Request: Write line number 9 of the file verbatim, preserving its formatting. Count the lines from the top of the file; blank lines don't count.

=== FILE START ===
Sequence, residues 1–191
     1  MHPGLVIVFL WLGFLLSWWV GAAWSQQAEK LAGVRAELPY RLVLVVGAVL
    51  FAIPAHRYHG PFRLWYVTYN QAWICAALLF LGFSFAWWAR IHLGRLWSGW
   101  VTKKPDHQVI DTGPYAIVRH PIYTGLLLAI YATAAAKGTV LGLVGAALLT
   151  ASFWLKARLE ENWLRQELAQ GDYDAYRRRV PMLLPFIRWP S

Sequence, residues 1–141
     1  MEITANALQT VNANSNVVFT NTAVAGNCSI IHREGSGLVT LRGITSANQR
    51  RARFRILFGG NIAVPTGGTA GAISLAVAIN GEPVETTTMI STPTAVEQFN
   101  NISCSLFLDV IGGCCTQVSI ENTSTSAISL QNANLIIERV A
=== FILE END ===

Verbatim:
   101  NISCSLFLDV IGGCCTQVSI ENTSTSAISL QNANLIIERV A